In the decade that followed his arrival in the United States in 1851, the transplanted Irishman Fitz-James O'Brien (1828-1862) was an active literary journalist, producing a steady stream of contributions to newspapers, weeklies, and monthly magazines, in New York and elsewhere. As poet, short story writer, essayist, dramatist, and critic he won a reputation as one of the ablest of the young writers in the city of New York. This book reintroduces O'Brien to modern readers, bringing together thirty-four of his writings, all but two of which are reprinted here for the first time. Fitz-James O'Brien promotes renewed recognition of its subject as a man strikingly attuned to the fashions, enthusiasms, and concerns that manifested themselves in his adoptive country during the years that preceded the Civil War. It makes the case that, not only for his vivid contemporaneity but also for his originality, range, and technical skill, the young author's hope for lasting memory as a man of letters was well founded. A checklist of the author's published writings between 1852 and 1864 provides a useful basis for further inquiry. Wayne R. Kime was Professor of English at Fairmont State College, West Virginia, before his retirement.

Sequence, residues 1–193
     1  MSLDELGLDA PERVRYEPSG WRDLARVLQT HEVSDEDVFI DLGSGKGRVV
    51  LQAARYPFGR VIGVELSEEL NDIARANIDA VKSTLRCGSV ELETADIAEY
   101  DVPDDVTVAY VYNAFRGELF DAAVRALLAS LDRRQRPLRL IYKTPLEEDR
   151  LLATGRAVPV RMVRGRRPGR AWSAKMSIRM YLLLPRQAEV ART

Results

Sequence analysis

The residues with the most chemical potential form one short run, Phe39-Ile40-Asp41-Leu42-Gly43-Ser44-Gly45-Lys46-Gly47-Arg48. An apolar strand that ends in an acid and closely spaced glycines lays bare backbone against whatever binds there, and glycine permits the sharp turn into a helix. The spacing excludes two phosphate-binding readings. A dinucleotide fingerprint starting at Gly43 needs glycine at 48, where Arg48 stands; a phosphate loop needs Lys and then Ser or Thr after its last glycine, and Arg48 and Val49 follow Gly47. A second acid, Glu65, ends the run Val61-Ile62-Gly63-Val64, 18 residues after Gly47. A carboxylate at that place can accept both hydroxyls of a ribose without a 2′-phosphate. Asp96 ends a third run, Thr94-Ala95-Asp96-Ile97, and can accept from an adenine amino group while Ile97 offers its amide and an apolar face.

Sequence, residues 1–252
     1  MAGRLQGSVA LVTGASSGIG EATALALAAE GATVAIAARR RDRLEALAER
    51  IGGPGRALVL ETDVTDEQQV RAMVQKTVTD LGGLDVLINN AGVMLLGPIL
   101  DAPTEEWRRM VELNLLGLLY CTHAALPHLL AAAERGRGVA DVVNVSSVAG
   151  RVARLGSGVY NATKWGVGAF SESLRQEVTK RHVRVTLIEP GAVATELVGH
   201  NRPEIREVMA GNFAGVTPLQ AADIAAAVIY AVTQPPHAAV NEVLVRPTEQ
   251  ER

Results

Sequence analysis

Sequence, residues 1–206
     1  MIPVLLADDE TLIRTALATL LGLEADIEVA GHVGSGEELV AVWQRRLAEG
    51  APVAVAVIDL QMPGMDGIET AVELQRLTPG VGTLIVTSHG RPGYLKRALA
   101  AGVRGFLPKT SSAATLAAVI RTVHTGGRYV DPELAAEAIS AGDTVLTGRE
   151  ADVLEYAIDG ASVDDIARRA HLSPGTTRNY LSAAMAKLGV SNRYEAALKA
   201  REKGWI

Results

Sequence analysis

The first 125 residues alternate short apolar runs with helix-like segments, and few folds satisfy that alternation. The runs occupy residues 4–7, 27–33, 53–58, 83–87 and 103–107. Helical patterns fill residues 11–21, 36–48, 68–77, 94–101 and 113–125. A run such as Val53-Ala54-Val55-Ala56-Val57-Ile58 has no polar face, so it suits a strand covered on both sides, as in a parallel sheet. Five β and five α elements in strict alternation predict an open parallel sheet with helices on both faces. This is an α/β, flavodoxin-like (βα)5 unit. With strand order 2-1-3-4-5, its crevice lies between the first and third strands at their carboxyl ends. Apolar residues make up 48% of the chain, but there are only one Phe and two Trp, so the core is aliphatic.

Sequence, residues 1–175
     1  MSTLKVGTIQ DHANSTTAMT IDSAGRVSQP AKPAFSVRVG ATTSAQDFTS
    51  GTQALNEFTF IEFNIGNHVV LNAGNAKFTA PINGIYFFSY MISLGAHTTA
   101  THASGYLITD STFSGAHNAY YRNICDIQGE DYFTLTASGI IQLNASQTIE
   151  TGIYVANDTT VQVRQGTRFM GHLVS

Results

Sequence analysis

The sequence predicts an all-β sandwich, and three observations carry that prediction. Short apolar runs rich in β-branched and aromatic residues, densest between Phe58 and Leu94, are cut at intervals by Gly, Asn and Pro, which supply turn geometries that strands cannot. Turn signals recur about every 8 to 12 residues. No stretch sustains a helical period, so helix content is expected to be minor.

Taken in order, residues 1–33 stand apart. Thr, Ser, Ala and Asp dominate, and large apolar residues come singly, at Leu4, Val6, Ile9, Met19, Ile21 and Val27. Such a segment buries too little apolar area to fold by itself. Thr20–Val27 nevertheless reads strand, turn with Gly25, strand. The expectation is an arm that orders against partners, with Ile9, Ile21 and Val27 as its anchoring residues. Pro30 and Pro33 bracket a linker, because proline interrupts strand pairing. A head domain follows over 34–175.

Publisher: Associated University Presses
Number of pages: 408
Weight: 771 g
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